Wikipedia’s new look makes it easier to use for everyone

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Discover the journey behind Wikipedia’s new look on Diff.

If you are a reader of Wikipedia on desktop, you might have noticed something new over the past couple of days. The website looks a bit different — it’s simpler; less cluttered; and, hopefully, easier to use. After three years of development, the Wikimedia Foundation has finally released the updated desktop interface for Wikipedia. The new look went live today on English Wikipedia, during the month of its 22nd birthday, and is currently live on over 300 language editions of Wikipedia.

The result of the Desktop Improvements Project, the new look was built with the objective of making our interfaces more welcoming for readers globally, and more useful for new and advanced users across Wikimedia projects. The new design is the culmination of years of research, dozens of consultations with movement groups and volunteers, and thousands of points of feedback from Wikipedia readers. 

The updated interface improves readability by reducing distraction and clutter and making pages easier to read. It introduces changes to the navigation and layout of the site, adds persistent elements such as a sticky header (a header that moves with you as you scroll) and Table of Contents to make frequently-used actions easier to access, and makes some changes to the overall styling of the page. Our data shows that these changes improve usability, and save time currently spent in scrolling, searching, and navigating – all of which adds up to an easier and more modern reading experience, so that more people will love reading and contributing to Wikipedia. 

We are extremely excited for this change and that new audiences will be able to use the desktop site more comfortably. The previous interface, named Vector, had been in use since 2010. When it was developed, it reflected the needs of the readers and editors of the Wikimedia sites at the time. Since then, vast new audiences from a wide variety of cultural backgrounds have begun using the Internet and Wikimedia projects, and our research showed that we were not meeting their needs fully. 

The Vector 2022 interface aims to make changes that include the needs of all audiences – both those who have been using the projects for a long time, as well as those who have joined more recently, or have yet to join. We encourage you to read our blog post on equitable product development to gain more insight into the way we identified the needs and included the voices of our large set of audiences into the product development process.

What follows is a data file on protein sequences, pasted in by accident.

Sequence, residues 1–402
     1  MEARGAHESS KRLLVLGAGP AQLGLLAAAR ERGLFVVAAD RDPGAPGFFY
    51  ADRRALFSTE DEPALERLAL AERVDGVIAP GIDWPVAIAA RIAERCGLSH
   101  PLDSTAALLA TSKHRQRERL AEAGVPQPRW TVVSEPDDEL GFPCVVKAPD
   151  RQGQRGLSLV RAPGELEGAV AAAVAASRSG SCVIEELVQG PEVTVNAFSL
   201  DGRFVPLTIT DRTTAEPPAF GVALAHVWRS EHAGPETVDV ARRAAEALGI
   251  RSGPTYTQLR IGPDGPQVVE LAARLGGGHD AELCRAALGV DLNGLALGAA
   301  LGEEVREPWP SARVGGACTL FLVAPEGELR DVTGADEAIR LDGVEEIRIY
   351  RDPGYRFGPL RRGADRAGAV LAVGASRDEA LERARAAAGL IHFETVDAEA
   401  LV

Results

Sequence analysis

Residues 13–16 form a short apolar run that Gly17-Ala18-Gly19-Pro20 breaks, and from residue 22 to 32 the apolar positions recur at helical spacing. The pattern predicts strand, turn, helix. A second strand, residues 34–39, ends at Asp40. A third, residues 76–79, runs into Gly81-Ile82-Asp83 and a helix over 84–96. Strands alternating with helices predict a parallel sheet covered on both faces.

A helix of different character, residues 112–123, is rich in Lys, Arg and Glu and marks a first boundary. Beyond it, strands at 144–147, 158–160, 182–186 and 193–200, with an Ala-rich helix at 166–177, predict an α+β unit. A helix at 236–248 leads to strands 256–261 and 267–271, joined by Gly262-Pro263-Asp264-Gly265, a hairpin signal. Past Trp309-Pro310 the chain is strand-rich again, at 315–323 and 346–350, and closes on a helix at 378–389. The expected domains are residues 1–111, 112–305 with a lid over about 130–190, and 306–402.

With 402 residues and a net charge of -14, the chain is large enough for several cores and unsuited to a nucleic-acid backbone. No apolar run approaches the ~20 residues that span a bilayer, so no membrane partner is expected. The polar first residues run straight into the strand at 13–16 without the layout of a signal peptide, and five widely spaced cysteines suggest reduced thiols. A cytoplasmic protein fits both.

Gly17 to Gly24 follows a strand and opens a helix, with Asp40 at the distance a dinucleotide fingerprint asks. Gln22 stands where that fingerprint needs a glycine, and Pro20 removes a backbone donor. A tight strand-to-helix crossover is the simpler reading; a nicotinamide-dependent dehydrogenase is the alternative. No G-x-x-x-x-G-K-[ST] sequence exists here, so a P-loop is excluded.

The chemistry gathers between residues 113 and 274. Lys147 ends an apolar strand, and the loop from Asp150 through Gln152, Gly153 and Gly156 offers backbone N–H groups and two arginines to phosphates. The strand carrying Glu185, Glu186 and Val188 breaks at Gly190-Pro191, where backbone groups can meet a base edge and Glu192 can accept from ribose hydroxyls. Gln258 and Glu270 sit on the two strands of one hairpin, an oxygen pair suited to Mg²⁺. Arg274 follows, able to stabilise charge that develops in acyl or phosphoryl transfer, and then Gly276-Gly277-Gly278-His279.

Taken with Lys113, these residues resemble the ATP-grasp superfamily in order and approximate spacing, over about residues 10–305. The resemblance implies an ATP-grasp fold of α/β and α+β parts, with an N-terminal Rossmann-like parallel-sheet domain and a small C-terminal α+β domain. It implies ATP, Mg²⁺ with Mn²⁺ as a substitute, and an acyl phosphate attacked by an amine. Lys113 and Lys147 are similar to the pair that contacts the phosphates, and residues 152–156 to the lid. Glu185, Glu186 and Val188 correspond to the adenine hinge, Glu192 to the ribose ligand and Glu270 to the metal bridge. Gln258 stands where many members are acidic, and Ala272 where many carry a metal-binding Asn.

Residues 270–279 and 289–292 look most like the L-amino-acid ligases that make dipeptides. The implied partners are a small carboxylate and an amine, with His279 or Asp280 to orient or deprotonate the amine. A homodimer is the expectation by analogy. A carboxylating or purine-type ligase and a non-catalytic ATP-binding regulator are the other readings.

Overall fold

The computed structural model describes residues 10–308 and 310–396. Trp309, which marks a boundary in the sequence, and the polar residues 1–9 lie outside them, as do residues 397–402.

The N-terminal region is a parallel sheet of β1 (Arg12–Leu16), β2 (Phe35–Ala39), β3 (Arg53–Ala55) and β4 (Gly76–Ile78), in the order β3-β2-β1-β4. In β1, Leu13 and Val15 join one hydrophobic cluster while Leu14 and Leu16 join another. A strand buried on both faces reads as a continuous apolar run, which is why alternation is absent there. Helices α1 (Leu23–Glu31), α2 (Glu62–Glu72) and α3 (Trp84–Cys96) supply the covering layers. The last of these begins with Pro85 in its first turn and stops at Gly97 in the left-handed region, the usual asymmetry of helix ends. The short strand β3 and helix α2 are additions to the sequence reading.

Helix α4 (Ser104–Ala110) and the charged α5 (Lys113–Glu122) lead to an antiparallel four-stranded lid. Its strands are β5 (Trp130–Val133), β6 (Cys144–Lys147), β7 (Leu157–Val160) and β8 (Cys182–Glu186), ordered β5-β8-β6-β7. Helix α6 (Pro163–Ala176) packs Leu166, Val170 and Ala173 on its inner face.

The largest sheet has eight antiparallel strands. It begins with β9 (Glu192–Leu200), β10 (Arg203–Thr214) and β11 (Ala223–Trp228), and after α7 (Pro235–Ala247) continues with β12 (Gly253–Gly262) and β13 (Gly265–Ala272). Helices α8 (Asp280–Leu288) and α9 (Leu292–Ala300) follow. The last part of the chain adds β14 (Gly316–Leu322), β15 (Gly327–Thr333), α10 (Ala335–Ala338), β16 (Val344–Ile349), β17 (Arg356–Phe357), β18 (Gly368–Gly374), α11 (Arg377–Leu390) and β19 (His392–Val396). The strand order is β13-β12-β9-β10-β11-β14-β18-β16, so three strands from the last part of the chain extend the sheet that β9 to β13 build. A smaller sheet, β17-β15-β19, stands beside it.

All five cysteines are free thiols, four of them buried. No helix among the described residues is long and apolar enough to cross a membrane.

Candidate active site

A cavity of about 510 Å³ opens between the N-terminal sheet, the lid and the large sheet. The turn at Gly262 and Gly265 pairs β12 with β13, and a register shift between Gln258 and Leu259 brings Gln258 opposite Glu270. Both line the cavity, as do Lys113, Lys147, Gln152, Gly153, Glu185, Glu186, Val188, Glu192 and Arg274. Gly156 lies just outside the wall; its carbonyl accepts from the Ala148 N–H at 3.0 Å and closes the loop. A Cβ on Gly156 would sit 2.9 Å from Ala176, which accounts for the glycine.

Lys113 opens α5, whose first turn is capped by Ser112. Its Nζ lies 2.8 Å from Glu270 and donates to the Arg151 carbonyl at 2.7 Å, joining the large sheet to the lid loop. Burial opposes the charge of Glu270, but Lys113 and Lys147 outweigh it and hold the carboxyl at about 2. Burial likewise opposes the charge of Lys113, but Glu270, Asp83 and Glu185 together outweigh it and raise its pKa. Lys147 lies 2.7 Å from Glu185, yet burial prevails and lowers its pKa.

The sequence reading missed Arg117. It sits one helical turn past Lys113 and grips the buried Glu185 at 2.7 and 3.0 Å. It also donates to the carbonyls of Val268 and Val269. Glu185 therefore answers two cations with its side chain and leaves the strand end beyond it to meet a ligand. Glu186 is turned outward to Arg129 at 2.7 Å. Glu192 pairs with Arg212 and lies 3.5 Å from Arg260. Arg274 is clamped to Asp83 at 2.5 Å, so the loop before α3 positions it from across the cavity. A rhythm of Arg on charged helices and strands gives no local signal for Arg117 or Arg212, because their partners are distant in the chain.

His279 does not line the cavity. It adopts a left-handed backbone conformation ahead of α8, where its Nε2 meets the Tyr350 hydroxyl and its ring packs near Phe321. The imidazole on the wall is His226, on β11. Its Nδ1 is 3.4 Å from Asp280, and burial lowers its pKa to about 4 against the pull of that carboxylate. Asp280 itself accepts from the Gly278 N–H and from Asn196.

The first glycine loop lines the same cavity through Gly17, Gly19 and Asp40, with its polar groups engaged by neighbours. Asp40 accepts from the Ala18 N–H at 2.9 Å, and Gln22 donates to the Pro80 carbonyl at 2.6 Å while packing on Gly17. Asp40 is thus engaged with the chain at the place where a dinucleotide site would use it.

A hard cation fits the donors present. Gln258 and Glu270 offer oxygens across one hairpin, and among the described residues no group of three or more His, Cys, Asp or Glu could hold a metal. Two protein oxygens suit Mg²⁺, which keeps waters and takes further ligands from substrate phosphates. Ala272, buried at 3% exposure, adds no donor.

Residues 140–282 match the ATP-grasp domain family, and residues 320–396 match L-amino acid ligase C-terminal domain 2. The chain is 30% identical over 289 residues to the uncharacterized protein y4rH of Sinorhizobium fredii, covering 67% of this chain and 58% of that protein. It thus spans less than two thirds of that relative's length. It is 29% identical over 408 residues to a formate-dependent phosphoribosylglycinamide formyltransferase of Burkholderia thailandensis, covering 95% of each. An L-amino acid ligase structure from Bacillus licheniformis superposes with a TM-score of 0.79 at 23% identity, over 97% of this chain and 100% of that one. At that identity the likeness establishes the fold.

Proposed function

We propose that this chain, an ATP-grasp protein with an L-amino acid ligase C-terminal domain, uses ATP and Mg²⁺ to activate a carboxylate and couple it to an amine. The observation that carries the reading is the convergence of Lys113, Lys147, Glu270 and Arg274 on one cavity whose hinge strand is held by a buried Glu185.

The interface was built and tested in collaboration with different audiences and communities across our projects, and inspired by the ideas and efforts that volunteers had worked on and created over the years. We were lucky to partner with many different language communities, such as French Wikipedia, Korean Wikipedia, Persian Wikipedia, and many more, who tested the interface and new features from its conception and gave us their insights, concerns, and questions, so that we could improve and build based on what our readers and communities truly needed.

In the future, we plan on continuing to listen to our audiences and adapt and improve our experiences based on their needs. In many ways, we see this as a new chapter in the development of our desktop site, a beginning marked with a clean slate on which a wide variety of new features can be built, rather than a static interface we will change once again in a decade. We are excited for these changes, and the opportunities they give us in the future to better serve our audiences. And most of all, we are excited to welcome you to the new experience.

To learn more about the updated desktop interface, see the FAQ. You can also share feedback at this link.

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“Everyone”, really? User interfaces are always trade-offs. Surely there must be at least one person for whom it doesn’t. This title implies that such a person is a nobody. I encourage the Wikimedia Foundation to be more inclusive and to avoid gaslighting and ableism.